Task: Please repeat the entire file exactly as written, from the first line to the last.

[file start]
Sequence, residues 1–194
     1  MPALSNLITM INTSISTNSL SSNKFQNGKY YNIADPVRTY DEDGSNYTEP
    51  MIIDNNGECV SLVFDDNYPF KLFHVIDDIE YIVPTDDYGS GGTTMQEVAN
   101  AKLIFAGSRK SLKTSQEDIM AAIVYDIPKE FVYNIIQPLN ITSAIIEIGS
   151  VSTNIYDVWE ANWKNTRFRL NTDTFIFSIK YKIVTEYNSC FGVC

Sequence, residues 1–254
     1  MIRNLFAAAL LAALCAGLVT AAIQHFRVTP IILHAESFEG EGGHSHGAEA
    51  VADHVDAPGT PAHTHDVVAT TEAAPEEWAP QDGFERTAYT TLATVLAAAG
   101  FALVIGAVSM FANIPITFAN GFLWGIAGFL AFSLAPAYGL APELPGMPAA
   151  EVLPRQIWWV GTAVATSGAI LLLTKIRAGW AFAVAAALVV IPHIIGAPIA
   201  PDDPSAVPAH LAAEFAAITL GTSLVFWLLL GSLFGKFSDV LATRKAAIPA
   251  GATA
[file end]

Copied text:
Sequence, residues 1–194
     1  MPALSNLITM INTSISTNSL SSNKFQNGKY YNIADPVRTY DEDGSNYTEP
    51  MIIDNNGECV SLVFDDNYPF KLFHVIDDIE YIVPTDDYGS GGTTMQEVAN
   101  AKLIFAGSRK SLKTSQEDIM AAIVYDIPKE FVYNIIQPLN ITSAIIEIGS
   151  VSTNIYDVWE ANWKNTRFRL NTDTFIFSIK YKIVTEYNSC FGVC

Sequence, residues 1–254
     1  MIRNLFAAAL LAALCAGLVT AAIQHFRVTP IILHAESFEG EGGHSHGAEA
    51  VADHVDAPGT PAHTHDVVAT TEAAPEEWAP QDGFERTAYT TLATVLAAAG
   101  FALVIGAVSM FANIPITFAN GFLWGIAGFL AFSLAPAYGL APELPGMPAA
   151  EVLPRQIWWV GTAVATSGAI LLLTKIRAGW AFAVAAALVV IPHIIGAPIA
   201  PDDPSAVPAH LAAEFAAITL GTSLVFWLLL GSLFGKFSDV LATRKAAIPA
   251  GATA